The right to privacy is one of the most fundamental rights in American jurisprudence. In 1890, Samuel D. Warren and Louis D. Brandeis conceptualized the right to privacy as the right to be let alone and inspired privacy jurisprudence that tracked their initial description. Warren and Brandeis conceptualized further that this right was not exclusively meant to protect one’s body or physical property. Privacy rights were protective of “the products and the processes of the mind” and the “inviolate personality.” Privacy was further understood to protect the ability to “live one’s life as one chooses, free from assault, intrusion or invasion except as can be justified by the clear needs of community living under a government of law.” Case law supported and extended their theorization by recognizing that privacy is essentially bound up in an individual’s ability to live a self-authored and self-curated life without unnecessary intrusions and distractions. Hence, privacy may be viewed as the right of individuals to be and become themselves. This right is well-established; however, scholars have vastly undertheorized the right to privacy as it intersects with racial discrimination and childhood. Specifically, the ways in which racial discrimination strips Black people—and therefore Black children—of privacy rights and protections, and the ways in which Black people reclaim and reshape those rights and protections remain a dynamic and fertile space, ripe for exploration yet unacknowledged by privacy law scholars. The most vulnerable members of the Black population, children, rely on their parents to protect their rights until they are capable of doing so themselves. Still, the American education system exposes Black children to racial discrimination that results in life-long injuries ranging from the psychological harms of daily racial micro-aggressions and assaults, to disproportionate exclusionary discipline and juvenile incarceration. One response to these ongoing and often traumatic incursions is a growing number of Black parents have decided to remove their children from traditional school settings. Instead, these parents provide their children with home-education in order to protect their children’s right to be and become in childhood.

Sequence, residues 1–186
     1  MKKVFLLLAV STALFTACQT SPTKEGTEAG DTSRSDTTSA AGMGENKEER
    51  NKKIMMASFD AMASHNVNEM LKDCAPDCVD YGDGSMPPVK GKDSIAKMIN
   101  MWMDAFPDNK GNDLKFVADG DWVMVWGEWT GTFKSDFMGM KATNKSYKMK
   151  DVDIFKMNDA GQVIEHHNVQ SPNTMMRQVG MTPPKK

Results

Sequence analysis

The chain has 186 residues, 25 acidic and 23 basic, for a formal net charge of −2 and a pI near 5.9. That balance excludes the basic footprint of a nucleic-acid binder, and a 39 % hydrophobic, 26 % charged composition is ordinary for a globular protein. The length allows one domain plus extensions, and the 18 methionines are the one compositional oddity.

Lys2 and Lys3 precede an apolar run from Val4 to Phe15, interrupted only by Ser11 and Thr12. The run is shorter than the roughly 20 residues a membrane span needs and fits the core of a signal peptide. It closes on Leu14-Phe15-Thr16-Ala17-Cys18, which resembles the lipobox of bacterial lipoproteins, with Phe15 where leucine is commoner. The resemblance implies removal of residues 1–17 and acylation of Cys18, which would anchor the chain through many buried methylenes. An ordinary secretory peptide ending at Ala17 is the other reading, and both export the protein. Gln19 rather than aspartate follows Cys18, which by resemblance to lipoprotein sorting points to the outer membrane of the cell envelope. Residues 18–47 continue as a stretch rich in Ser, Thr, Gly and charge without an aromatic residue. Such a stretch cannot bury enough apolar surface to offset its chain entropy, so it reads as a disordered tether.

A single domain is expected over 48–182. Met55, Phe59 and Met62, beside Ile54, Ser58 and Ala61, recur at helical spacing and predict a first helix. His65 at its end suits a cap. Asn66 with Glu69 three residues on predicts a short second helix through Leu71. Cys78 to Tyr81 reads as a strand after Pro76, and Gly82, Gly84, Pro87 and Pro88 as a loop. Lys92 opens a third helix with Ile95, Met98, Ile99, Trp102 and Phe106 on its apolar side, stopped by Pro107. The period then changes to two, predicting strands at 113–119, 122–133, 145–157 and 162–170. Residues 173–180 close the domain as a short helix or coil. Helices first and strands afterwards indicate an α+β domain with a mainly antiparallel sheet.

Najarian R. Peters,
The Right to Be and Become: Black Home-Educators as Child Privacy Protectors,
Mich. J. Race & L.
Available at: https://repository.law.umich.edu/mjrl/vol25/iss1/3